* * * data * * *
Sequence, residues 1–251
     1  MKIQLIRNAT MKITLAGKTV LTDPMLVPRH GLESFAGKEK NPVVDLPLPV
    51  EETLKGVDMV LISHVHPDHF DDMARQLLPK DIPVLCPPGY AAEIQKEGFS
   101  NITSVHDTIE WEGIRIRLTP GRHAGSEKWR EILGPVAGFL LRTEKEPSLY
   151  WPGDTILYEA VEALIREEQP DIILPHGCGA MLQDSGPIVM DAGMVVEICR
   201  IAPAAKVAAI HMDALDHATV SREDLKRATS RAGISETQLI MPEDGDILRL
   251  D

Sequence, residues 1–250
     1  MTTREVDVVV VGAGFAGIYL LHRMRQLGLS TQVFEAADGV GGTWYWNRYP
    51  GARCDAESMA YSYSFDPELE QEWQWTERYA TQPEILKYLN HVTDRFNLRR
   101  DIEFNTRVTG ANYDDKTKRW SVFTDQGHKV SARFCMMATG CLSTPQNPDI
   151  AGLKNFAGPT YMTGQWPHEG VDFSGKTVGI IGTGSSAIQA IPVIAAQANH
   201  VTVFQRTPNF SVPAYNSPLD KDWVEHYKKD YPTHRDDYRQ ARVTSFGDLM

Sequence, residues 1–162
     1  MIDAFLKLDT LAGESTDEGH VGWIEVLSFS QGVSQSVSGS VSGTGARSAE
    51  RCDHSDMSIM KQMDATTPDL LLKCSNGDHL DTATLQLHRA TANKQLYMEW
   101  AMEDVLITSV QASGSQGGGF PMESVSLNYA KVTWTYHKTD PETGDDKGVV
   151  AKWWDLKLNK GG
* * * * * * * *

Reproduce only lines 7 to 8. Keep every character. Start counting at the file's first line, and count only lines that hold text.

   251  D

Sequence, residues 1–250